With the squeeze tightening between reimbursements and expenses, identify specific areas where even small improvements would drive value. Look for manual efforts that currently create bottlenecks, exacerbate staffing challenges, or limit key financial metrics like reimbursement and DSO (days sales outstanding). Consider how efforts such as finding and fixing errors in patient insurance information can be accomplished through data automation to cost-effectively improve reimbursements, efficiency, and physician/patient satisfaction. Part of that effort will be to determine a return on investment for any technology spending.


4. “Let sales soar”

Support your sales team so that they can focus on what they are best at—sales—rather than putting out fires. As Donnelly pointed out in his talk, “your organization is only as successful as your sales team.” According to Donnelly, the sales staff of some labs his company has spoken with spend up to two hours a day contacting the provider to find missing patient information or fix inaccurate info for orders to get clean claims out the door. Technology helps to eliminate the wasted time and not only “lets sales soar,” but can also keep the sales team motivated with timely sales commission checks from faster reimbursement. It can also help retain customers; a provider who is disrupted by multiple calls from a lab may decide to take their business elsewhere.


Considerations for 2024:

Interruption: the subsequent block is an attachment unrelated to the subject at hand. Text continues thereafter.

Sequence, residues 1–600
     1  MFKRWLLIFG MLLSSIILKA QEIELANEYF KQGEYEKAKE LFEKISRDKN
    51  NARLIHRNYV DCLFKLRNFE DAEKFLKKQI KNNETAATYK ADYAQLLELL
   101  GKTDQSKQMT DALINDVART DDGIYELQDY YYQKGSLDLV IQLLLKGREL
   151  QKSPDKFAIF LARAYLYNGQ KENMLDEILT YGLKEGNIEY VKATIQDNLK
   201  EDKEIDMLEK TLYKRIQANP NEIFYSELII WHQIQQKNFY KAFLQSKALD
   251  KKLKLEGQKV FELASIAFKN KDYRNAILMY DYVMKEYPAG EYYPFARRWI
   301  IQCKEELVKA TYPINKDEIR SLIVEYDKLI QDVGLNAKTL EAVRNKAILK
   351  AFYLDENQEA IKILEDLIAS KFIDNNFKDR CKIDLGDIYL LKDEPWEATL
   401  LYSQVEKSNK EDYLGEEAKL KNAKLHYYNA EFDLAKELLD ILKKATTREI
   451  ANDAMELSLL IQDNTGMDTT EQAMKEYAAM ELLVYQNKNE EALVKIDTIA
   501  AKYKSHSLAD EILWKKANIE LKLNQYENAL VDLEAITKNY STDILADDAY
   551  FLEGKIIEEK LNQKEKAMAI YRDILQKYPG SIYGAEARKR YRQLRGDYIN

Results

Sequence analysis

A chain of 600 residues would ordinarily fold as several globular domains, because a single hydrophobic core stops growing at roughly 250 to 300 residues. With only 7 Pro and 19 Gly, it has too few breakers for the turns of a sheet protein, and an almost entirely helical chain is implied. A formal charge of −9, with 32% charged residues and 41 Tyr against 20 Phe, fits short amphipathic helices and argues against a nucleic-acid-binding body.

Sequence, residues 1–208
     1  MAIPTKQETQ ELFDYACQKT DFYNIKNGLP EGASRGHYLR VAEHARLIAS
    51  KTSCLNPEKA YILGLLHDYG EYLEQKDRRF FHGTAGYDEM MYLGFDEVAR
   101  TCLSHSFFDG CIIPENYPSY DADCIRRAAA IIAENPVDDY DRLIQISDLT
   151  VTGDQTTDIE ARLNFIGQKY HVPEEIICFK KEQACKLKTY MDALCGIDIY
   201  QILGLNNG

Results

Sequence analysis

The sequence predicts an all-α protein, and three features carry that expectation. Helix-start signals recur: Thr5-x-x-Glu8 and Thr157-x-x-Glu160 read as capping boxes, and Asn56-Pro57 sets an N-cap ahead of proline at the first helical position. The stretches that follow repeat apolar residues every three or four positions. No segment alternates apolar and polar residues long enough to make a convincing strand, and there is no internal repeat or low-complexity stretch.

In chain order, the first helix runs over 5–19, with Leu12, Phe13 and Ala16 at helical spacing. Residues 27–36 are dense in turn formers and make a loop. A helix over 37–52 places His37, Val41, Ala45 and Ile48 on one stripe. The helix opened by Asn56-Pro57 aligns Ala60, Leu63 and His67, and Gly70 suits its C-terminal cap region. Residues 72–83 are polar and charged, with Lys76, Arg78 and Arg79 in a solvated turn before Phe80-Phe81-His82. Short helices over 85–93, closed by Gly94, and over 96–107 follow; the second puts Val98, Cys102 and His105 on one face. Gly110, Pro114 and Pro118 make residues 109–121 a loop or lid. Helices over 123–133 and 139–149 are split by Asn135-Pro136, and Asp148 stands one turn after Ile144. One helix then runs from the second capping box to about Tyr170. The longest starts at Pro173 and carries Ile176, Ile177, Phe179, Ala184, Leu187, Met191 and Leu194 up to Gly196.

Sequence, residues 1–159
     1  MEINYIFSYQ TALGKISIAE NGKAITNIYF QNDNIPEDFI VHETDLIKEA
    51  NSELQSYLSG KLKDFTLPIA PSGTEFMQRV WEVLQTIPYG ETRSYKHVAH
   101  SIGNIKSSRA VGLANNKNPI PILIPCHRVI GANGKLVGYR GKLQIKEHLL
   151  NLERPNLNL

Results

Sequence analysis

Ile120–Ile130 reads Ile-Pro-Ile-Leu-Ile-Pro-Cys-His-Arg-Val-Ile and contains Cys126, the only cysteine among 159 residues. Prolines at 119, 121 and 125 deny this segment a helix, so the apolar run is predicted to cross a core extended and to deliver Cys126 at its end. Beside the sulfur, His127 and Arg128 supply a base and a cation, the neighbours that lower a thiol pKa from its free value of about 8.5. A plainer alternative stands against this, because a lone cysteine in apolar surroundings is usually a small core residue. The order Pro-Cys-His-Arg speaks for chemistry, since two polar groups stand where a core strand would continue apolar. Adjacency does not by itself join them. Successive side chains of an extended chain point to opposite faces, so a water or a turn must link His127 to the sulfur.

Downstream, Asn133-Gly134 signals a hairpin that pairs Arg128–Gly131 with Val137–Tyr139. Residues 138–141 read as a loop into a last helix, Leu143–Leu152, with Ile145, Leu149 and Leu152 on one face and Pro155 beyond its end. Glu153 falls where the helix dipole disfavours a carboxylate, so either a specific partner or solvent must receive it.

A shortage of strong sales executives means labs can’t afford to waste any of the sales team’s precious time. Donnelly recently shared that FrontRunnerHC partner Vanguard Healthcare Staffing is seeing some labs try a new sales team model in which they seek to hire associate roles to support their sales executives. These associates may help track down reimbursement issues, identify potential sales targets, or do follow-up communications with prospects, among other tasks. Regardless of role, sales team members can avoid unwelcome calls to physicians and use the newfound time in their day to focus on tasks that will drive additional sales revenue by leveraging automation to find and fix patient info errors and improve reimbursement rates.


5. “Phone a friend”

Think about who is staffing and supporting your lab, and how they can help you find opportunities to grow and address challenges. When considering a vendor or strategic partnership, Donnelly recommended asking five key questions:

  • How strong is their network?

  • Are they focused on your success?

  • What are their capabilities and how strong are those capabilities?

  • How innovative, proactive, and collaborative are they?

  • What is their reputation and does their culture fit with yours?

Considerations for 2024:

“With the technology we have today, you may be regional now, but in 18 months, you could be national,” Donnelly says. “Phone a friend” to leverage the networks of your trusted vendors to support your targeted growth, and understand their position in the industry so you can use it to your lab’s advantage, he adds. He also suggests that labs share their goals with their strategic partners and ask for their support to help achieve them.


Moving forward

Though labs continue to face new and varied challenges, focusing on these patient-centric strategies and using technology can help lab leaders find new opportunities to not just overcome these issues, but achieve sustainable success for their businesses.


References: